What I do know for sure is that God doesn’t just pick a momma for a child, He picks a whole family. When our daughter was a year, I had to teach her how to eat. She had been on a ng-tube and we were battling to not put in a G-tube. I was stressed beyond stressed, and developed what I thought was a coping method…swearing nursery rhymes. I talked like a sailor in a sing-song voice and used them to release my complete frustration with the situation while still apearing to be a cheerful, happy support person who could crack herself up. Yep, not one of my better times. My then 9 year old son caught me one morning. I didn’t hear him walk into the room, until he said,”Mom…..Mom, I don’t think you should talk like that to Erin. It is very disrespectful.” He was right, of course. Despite my warrior mommy talk, I was interacting with Erin’s disability only, and not seeing her as a person. It is a lesson I never forgot and became one of the defining moments in shaping me as a parent. We learn. We do better. No shame. Just growth.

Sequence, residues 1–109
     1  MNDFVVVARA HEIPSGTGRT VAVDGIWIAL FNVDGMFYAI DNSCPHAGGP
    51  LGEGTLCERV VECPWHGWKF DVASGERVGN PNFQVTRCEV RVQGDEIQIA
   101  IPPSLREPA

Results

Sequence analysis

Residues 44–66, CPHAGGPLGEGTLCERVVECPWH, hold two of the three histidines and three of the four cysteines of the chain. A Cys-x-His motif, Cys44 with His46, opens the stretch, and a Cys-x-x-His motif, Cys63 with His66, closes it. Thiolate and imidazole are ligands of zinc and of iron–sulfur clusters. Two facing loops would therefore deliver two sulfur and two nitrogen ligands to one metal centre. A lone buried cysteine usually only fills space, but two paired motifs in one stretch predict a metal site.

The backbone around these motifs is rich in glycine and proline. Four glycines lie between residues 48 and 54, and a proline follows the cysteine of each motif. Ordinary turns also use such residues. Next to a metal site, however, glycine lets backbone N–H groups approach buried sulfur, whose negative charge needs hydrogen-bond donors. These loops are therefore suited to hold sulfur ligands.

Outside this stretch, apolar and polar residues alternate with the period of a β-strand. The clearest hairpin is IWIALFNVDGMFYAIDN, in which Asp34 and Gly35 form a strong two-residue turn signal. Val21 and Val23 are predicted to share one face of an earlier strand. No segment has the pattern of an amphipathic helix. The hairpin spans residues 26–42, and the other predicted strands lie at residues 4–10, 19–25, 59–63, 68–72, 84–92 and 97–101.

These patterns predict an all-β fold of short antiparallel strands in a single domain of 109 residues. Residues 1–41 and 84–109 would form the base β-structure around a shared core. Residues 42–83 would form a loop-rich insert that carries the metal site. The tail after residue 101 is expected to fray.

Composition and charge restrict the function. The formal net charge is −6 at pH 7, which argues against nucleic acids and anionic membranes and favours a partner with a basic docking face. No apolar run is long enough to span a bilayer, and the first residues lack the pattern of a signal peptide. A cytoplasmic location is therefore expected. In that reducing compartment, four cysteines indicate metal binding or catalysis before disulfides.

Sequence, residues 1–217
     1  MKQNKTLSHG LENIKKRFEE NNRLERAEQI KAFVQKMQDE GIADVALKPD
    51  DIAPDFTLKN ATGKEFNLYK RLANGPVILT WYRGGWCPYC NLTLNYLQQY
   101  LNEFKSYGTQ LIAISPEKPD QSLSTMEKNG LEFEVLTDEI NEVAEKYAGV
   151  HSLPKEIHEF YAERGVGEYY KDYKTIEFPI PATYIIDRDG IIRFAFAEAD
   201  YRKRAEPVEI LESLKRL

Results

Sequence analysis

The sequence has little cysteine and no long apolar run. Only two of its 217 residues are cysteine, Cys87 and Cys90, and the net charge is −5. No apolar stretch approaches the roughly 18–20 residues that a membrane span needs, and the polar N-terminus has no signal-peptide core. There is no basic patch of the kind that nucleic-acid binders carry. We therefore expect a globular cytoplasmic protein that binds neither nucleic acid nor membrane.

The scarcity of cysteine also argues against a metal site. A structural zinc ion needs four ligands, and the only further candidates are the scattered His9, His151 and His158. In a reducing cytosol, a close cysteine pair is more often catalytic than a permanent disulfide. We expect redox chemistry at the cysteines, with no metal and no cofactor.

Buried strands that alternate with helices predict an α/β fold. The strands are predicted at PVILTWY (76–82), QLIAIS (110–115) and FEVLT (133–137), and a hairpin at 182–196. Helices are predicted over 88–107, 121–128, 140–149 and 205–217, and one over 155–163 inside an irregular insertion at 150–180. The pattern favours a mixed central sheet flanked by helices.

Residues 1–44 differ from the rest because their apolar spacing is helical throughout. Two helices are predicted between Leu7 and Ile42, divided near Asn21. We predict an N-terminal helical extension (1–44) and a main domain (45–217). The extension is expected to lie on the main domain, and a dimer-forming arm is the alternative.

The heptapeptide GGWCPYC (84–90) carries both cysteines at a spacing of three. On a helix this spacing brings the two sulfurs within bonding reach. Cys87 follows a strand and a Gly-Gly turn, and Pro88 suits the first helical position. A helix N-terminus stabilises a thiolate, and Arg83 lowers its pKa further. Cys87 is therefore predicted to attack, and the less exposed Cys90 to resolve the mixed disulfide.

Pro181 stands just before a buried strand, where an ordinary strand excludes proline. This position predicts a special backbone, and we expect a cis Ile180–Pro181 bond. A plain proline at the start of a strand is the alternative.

15. Don’t be so hard on yourself…any of us who have had to work hard at engaging our children get into the same habit. My son, now that he is verbal, is also using a sing-songy falsetto voice much of the time because it is how he was spoken to for so long! It takes a constant awareness to break the pattern and I applaud Katie for helping you!

  16. Sometimes I also struggle with this, although I don’t know that I have the strength to be so honest and share it with the world. Congrats to you for being brave enough to admit your faults and congrats to Katie for being a strong sister. Thank you for sharing this.